Calculating your MPG, or mean plasma glucose, is a useful method for glycemic monitoring (see references 1, 2 and 5). Mean plasma glucose, in simpler terms, is your blood sugar level averaged over a given period of time (see references 6 and 2). In a study on short-term hyperglycemia or raised blood-sugar levels in hospital patients, Dr. Prem Thomas concludes that the single-day MPG is the most useful calculation interval (see references 2). However, in an ADA journal paper, Dr. Richard J. Schrot states that most practitioners agree that A1C, a hemoglobin-glucose test that profiles three to four months and correlates with MPG, is the gold standard for glycemic control (see references 1).
Take regular blood sugar readings over the desired interval of time. For example, to calculate a single-day MPG, take blood sugar readings after each meal and before bed (see references 1 and 5). Log these readings for later reference. These readings are usually valued in mg/dl or milligrams per deciliter.
Add up all the logged blood sugar readings for the period to be calculated.
For example, if your four readings came out as 200 mg/dl, 300 mg/dl, 220 mg/dl and 240 mg/dl, add 200 + 300 + 220 + 240 = 960.
Divide the sum of the readings by the number of readings logged. This answer is your MPG level for the calculated period.
Continuing with the above example, 960 ÷ 4 = 240. Your MPG for this day is 240.
A1C Correlation Method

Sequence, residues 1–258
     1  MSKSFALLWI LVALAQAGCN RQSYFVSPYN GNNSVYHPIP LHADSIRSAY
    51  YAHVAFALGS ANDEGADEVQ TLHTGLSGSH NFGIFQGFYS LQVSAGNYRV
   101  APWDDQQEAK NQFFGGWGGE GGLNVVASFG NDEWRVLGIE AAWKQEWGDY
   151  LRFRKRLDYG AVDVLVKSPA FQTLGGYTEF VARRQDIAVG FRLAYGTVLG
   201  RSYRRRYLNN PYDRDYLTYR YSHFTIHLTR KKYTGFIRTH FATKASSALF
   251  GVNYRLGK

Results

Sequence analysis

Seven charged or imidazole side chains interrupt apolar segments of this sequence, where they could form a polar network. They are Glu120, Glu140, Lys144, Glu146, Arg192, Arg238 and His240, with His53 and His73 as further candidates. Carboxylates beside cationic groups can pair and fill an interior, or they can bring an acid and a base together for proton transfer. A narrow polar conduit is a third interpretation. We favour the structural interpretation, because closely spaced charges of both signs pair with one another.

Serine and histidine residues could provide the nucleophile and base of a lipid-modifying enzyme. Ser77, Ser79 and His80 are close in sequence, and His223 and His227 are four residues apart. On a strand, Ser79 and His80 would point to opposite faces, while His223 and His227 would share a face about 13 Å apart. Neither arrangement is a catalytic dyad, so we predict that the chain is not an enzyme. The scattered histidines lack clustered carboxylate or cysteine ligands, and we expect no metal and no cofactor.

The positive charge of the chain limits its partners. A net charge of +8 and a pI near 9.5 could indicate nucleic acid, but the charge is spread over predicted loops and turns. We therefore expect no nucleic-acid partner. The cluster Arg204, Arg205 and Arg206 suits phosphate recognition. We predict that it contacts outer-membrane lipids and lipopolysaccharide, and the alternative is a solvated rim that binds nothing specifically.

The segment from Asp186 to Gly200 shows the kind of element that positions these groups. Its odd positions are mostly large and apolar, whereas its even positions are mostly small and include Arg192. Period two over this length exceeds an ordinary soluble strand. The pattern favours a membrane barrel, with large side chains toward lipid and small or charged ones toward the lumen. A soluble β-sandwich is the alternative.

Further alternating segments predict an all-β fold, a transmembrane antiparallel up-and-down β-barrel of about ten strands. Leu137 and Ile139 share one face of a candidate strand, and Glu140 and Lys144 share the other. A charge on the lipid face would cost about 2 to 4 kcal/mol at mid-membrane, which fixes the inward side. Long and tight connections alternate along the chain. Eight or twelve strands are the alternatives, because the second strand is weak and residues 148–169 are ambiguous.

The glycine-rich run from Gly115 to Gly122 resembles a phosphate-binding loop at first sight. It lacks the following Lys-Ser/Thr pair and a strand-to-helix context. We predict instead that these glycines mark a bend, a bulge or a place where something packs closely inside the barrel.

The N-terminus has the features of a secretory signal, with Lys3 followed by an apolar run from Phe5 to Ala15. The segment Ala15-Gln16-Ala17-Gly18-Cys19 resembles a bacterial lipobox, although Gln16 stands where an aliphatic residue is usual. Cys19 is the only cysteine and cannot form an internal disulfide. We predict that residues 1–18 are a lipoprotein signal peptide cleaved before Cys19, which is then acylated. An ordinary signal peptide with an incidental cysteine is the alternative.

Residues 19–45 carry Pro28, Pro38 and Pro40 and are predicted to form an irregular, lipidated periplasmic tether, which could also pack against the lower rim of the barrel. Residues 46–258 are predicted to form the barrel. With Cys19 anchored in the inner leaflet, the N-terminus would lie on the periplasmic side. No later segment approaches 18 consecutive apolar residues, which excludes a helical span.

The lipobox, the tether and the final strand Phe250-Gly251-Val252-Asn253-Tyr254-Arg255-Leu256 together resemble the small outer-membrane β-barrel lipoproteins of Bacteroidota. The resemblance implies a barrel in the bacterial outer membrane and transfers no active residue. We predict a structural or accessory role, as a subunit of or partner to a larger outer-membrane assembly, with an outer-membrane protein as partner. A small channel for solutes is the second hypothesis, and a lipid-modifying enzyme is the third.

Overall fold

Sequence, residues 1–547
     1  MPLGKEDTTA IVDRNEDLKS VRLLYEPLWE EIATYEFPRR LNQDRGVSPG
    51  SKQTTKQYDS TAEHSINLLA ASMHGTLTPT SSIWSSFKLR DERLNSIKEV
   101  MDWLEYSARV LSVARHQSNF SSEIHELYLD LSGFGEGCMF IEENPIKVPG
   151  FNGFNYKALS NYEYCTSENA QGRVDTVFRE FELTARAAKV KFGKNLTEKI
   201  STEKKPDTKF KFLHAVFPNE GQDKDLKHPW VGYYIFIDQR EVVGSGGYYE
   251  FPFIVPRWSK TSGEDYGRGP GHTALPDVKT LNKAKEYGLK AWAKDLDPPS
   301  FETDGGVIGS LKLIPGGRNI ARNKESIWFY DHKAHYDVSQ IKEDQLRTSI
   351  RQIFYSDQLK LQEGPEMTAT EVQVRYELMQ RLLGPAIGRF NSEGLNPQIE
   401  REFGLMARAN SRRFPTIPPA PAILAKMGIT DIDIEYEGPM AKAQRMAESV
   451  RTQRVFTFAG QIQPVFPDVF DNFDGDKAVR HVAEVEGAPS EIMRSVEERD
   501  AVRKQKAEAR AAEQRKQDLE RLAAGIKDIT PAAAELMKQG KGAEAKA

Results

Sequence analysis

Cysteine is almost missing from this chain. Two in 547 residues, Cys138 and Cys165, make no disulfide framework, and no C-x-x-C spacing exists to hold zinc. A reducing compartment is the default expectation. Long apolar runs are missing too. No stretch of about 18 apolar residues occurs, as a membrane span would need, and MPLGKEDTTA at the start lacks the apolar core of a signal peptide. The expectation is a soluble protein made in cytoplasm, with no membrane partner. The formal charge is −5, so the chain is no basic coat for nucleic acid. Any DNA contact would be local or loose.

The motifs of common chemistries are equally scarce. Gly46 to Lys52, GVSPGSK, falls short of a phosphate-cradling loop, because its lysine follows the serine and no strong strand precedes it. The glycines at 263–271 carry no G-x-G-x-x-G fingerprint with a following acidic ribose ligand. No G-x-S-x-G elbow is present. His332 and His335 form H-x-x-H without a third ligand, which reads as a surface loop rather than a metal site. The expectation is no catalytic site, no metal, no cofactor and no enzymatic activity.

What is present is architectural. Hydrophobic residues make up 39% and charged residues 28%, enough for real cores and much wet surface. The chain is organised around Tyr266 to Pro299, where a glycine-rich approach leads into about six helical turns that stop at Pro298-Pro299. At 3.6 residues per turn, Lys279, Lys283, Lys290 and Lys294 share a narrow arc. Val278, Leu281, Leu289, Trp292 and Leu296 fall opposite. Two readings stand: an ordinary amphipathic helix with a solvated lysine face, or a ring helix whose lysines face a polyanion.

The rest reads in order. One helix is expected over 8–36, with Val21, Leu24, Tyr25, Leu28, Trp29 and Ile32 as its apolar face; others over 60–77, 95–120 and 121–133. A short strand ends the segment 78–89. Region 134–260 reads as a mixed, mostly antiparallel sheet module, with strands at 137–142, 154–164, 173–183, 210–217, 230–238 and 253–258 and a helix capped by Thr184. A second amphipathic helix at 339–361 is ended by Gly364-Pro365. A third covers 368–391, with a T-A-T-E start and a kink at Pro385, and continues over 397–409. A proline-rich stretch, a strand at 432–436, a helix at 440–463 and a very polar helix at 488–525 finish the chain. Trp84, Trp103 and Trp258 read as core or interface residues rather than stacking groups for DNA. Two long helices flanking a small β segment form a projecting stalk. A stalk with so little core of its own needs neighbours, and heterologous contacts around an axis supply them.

Have an A1C test performed by a licensed health practitioner. The A1C test usually uses a seven-point reading method, testing before and after each of three meals as well as before bed. (see reference 1)
Identify the result of your A1C test. Your A1C level is valued as a percentage. Your health practitioner/tester should provide this for you (see references 1 and 3).
Multiply your A1C level by 35.6. (see reference 4)
For example, if your A1C level was found to be 10.4 percent, multiply 10.4 X 35.6 = 370.24.
Subtract 77.3 from the product of your multiplication. The answer, rounded off, is your MPG for the period indicated by the A1C test. (see reference 4)
Continuing the above example, 370.24 – 77.3 = 292.94. In this case, once rounded off, 293 is your MPG level.
The American Diabetes Association’s Clinical Diabetes website offers a quick-reference chart of the correlations between A1C levels and MPG levels. (see resources 1)
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